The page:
Ever try to keep a scorecard at a little league baseball game? After a while, you learn to track what's most important, ignore the niggling errors and just make sure there's a snack at the end. Well-managed businesses--large and small--use a similar approach.
The concept of managing by "balanced scorecard" has been around awhile. It boosts performance using a combination of metrics, goals and process improvements. The U.S. Navy, City of Newark and the Atlanta Public School System are just a few large organizations that have benefited from this approach. Small businesses can too.
"The big thing that a balanced-scorecard approach does is that it helps management focus on strategy and results instead of tasks," says Howard Rohm, chief executive of the Balanced Scorecard Institute, a nonprofit consulting firm. "When effectively implemented, companies improve performance by measuring what matters and prioritizing work."
Balfour Beatty, a $2.4 billion (sales) construction firm headquartered in Dallas is in the balanced-scorecard big leagues. "All of our scorecards are structured around people, process, customers and financials," says John Parolisi, a senior vice president at the company.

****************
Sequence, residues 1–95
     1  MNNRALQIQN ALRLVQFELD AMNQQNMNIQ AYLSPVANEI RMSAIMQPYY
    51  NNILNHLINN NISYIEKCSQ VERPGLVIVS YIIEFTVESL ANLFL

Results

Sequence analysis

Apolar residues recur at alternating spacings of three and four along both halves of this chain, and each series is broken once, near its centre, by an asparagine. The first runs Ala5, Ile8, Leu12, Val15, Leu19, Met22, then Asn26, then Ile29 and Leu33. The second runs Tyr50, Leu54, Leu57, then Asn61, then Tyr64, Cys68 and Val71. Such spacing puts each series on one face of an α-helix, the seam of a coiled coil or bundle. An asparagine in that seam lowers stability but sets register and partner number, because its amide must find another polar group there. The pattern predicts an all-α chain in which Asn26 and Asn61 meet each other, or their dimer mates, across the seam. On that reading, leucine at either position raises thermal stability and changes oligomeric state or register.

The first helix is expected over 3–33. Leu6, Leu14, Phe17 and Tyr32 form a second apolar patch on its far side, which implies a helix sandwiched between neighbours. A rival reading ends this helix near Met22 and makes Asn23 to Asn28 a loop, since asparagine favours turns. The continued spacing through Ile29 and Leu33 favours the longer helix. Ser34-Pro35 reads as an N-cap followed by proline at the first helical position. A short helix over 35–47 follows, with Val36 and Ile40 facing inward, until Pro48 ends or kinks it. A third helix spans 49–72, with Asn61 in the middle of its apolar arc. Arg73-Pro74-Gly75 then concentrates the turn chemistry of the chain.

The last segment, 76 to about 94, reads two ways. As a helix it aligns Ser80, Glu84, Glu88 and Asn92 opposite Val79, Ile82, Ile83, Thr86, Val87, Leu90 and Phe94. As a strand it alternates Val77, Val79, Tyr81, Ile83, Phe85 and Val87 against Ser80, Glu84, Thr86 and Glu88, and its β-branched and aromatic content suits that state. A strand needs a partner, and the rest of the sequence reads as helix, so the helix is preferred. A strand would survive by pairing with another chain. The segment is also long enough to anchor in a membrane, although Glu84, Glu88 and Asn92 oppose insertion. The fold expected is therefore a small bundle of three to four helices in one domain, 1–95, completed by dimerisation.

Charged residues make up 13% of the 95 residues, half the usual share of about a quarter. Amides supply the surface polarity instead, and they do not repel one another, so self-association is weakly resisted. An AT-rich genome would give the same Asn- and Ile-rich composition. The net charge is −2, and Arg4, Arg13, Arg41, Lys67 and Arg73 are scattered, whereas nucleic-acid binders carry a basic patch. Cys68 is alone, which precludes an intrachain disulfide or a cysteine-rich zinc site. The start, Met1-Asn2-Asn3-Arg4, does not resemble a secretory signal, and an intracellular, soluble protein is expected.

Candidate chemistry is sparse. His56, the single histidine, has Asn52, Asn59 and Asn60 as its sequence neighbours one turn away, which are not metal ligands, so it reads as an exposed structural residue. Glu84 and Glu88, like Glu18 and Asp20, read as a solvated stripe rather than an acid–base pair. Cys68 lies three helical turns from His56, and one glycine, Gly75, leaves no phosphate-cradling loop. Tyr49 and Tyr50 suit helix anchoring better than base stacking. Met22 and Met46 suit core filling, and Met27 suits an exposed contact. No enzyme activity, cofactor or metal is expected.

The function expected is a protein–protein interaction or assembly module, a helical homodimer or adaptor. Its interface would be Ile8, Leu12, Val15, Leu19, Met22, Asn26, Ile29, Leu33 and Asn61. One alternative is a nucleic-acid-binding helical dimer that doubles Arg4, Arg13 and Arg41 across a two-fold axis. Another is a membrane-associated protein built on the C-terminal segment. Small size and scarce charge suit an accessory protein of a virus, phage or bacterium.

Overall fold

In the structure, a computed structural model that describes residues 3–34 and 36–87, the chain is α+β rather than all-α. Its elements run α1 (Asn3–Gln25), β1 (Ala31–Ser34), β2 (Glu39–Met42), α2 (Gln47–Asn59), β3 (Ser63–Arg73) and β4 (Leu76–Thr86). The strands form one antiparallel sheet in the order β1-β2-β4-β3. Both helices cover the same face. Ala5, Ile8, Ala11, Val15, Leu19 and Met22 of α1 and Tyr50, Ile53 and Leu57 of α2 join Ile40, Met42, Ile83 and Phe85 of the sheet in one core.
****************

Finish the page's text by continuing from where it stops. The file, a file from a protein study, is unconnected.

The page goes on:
Parolisi uses multiple scorecards, each drilling down on a different aspect of the business. Each scorecard lays out 2-to-4 strategic objectives and 1-to-3 metrics per objective--so 2-to-12 metrics per card. "For example, we have a process objective called 'consistently deliver the signature experience' where we measure customer satisfaction through surveys," says Parolisi. "This is a critical metric for us." Other key metrics could include employee turnover rates or on-time delivery performance.
For many of us, Balfour's complex metric-management system is probably overkill. We'd do just as well with a little league version.
Alex Phinn takes this approach. Phinn, a little league coach, is also president of Griff Paper and Film, a 50-person manufacturer and distributor of protective films, silicone-coated liners and specialty labeling materials in Pennsylvania. Phinn started with a sheet of paper and chose a handful of important operating and financial metrics, including, open purchase orders and open quotes, as well as daily receivables, payables, cash balance and year-to-date sales (vs. the prior year). He also threw in some other tell-tale performance and quality indicators, like the number of employee absentee days and customer complaint calls. Phinn peruses these numbers every day over his morning coffee.
While large companies need all kinds of sign-offs to implement a detailed scorecard approach, the lighter flashcard version is easy to install for small business owners. Says Phinn: "Once my [three] bothers and I signed on to the daily flash report, we had all the executive approval needed."
Phinn isn't buying special Balanced Scorecard software (and there's plenty of it out there), nor is he hiring a lot of expensive consultants (there are plenty of them out there too). He's doing today what will make him quicker, better, wiser--and richer--tomorrow.